Nick Griffin wins Gail Hendricks Volunteerism Award for work with the West Georgia Wolverines

Published 4:14 pm Tuesday, October 25, 2022

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It is the word that everybody involved with the West Georgia Wolverines uses to describe assistant coach Nick Griffin. He started as a volunteer in April before becoming an official assistant coach in August. 

“I love the athletes that we have, the family feel of our team,” Griffin said. “I love our organization and everything adapted sports stands for. To see those children go out there and compete. To see those kids fight through adversity is inspiring.”

Griffin is a man who is quick to volunteer his free time for a good cause. An assistant football coach at Gardner Newman and a track and field coach for the Troup County Parks and Rec Department, his time has been stretched thin. It was not until a student at Callaway Middle named Gavin Pijnenburg convinced him to come and watch practice that he was hooked. 

The first practice came and went and Griffin was hooked. Little did he know, seven months later he would be winning the Gail Hendricks Volunteerism Award in Atlanta on Monday night at the ASPIRE Awards.

“To be honest, I almost cried when I found out I was nominated,” Griffin said. “Our Wolverine family member nominated me. To sit there in Atlanta and see so many people impacted by the positive nature of this sport and to win the award was very emotional. I didn’t think I would even be in the running. I was just there to support our players.”

He was the only member of the Wolverines that was surprised he was nominated and honored. The Wolverines are like family now. 

“I honestly can’t think of a more deserving person for this award.  He pours so much time and energy into this program, not to mention all of the other organizations he’s a part of.  He is truly a selfless and humble man and the Wolverines are blessed to have him,” wrote Kristy Prater, who helps run the West Georgia Wolverines.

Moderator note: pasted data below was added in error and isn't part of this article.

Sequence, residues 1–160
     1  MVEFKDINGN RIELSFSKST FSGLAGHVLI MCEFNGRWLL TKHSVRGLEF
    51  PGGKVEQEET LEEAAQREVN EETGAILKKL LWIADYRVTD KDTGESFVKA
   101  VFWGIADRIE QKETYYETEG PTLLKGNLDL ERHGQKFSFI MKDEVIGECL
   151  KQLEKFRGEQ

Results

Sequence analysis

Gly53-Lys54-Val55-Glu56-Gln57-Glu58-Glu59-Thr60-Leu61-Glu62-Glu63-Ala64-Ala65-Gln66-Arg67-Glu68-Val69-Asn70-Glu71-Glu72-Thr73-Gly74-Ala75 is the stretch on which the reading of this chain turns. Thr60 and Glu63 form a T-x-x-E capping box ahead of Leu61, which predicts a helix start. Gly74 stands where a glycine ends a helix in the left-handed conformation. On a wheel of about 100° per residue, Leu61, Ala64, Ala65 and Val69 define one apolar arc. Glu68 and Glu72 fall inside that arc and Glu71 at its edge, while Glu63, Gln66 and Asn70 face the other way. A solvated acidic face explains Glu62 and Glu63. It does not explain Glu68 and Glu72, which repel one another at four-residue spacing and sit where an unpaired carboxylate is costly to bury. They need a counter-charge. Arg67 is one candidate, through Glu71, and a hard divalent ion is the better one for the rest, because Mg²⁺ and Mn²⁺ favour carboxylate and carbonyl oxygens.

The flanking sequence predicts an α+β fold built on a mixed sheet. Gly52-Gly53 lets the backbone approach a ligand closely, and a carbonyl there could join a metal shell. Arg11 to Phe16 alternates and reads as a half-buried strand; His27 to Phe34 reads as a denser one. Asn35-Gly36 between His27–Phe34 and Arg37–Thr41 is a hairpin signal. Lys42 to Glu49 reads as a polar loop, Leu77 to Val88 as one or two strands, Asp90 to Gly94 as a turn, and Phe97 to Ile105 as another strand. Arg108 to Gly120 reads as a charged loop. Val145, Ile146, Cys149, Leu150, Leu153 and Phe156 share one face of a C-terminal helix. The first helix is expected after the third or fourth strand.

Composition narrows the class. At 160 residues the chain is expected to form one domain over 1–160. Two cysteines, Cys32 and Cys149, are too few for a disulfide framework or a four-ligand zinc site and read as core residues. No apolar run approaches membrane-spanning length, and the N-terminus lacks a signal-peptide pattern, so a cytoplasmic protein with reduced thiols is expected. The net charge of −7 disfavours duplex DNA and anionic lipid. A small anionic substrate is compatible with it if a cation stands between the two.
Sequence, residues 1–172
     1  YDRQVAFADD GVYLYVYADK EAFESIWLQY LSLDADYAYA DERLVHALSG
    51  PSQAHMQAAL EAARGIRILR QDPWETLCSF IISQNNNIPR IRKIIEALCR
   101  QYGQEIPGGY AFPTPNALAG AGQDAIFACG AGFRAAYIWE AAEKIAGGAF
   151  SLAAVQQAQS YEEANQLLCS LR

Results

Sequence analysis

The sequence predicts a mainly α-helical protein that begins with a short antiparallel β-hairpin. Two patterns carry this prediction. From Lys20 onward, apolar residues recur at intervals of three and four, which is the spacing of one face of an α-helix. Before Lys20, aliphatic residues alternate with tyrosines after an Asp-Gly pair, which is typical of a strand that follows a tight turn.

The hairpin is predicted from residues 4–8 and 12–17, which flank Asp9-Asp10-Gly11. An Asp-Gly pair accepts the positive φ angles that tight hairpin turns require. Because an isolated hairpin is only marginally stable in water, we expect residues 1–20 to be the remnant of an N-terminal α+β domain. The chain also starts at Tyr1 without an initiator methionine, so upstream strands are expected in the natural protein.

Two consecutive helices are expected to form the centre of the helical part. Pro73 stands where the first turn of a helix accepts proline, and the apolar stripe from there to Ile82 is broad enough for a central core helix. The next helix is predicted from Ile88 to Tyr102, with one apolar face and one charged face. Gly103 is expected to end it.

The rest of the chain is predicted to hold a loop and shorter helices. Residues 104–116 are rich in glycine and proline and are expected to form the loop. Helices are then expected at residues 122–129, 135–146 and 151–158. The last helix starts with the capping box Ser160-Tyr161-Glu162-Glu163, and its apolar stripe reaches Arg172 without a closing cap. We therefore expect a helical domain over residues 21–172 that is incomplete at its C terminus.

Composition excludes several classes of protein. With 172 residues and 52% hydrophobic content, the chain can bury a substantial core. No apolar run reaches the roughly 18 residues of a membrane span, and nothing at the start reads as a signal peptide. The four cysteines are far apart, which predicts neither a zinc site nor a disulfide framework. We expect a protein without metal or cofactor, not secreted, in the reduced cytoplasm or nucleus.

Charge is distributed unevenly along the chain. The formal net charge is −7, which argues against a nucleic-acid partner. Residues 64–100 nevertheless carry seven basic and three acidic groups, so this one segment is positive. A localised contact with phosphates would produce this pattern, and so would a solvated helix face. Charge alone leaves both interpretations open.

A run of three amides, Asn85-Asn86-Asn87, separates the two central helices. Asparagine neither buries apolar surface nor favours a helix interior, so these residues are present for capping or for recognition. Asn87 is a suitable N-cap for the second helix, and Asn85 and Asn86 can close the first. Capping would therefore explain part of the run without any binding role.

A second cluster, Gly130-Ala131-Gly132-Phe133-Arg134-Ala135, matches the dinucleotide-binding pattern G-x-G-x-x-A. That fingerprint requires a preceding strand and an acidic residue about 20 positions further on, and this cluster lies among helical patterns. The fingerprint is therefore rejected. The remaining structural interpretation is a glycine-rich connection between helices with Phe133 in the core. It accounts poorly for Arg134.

While some members of the Wolverines are family by bond, Griffin also has family by blood on the team. He has a son that is a member of the West Georgia Wolverines.

“There’s some things they can’t do, but there are a lot of things they can do,” Griffin said. “To watch somebody like Gavin who is in a power chair play with somebody who has vertigo who is literally getting headaches from sitting in the chair come together and score a basket, or make a goal or run a play is just amazing.”

The adapted sports program consists of basketball, football and handball. Griffin was most ecstatic about linking up with the football team. 

“I was instantly amazed at how difficult it was,” Griffin said. “To see that number of people on the field at one time and see how they run plays and score, the strategic part of it was mind blowing.” 

Griffin has eyes on expanding the size of the football team. Athletes can join the West Georgia Wolverines starting in the first grade, and he is hoping to recruit some elementary school kids to come out for football next season, so that he can build a JV squad and give the younger potential players a feeling of inclusion. 

While Griffin was the only member of the Wolverines to take home an award, he was far from the only person involved with the program to be nominated at the ASPIRE awards. The Wolverines also had the following nominations: Jacob Roche (head coach) – Outstanding Coach of The Year, MaryBeth Pelt – Advocacy Award, Abby Simmons (Lagrange High Graduate) – Outstanding Female Athlete and Outstanding Senior, Bailey McCartney (Troup High) – Outstanding Female Athlete, West GA Wolverines/ Troup County Schools – Outstanding School Based Program.